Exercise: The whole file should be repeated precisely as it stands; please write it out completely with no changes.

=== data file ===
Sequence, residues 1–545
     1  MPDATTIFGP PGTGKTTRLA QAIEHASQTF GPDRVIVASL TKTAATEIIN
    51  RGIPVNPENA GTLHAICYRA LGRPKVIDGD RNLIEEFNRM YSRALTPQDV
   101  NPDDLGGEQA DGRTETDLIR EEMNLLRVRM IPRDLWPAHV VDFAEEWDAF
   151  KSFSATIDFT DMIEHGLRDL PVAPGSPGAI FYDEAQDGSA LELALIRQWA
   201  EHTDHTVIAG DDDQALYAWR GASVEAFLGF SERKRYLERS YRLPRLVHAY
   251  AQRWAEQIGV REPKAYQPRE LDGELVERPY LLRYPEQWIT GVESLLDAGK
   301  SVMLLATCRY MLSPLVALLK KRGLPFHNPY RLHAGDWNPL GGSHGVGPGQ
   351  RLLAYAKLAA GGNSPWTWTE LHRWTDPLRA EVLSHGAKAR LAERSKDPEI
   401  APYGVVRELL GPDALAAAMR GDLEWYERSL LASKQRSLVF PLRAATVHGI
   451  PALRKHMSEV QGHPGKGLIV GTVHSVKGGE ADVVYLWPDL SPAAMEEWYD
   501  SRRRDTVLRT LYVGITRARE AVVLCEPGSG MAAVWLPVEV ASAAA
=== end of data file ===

Sequence, residues 1–545
     1  MPDATTIFGP PGTGKTTRLA QAIEHASQTF GPDRVIVASL TKTAATEIIN
    51  RGIPVNPENA GTLHAICYRA LGRPKVIDGD RNLIEEFNRM YSRALTPQDV
   101  NPDDLGGEQA DGRTETDLIR EEMNLLRVRM IPRDLWPAHV VDFAEEWDAF
   151  KSFSATIDFT DMIEHGLRDL PVAPGSPGAI FYDEAQDGSA LELALIRQWA
   201  EHTDHTVIAG DDDQALYAWR GASVEAFLGF SERKRYLERS YRLPRLVHAY
   251  AQRWAEQIGV REPKAYQPRE LDGELVERPY LLRYPEQWIT GVESLLDAGK
   301  SVMLLATCRY MLSPLVALLK KRGLPFHNPY RLHAGDWNPL GGSHGVGPGQ
   351  RLLAYAKLAA GGNSPWTWTE LHRWTDPLRA EVLSHGAKAR LAERSKDPEI
   401  APYGVVRELL GPDALAAAMR GDLEWYERSL LASKQRSLVF PLRAATVHGI
   451  PALRKHMSEV QGHPGKGLIV GTVHSVKGGE ADVVYLWPDL SPAAMEEWYD
   501  SRRRDTVLRT LYVGITRARE AVVLCEPGSG MAAVWLPVEV ASAAA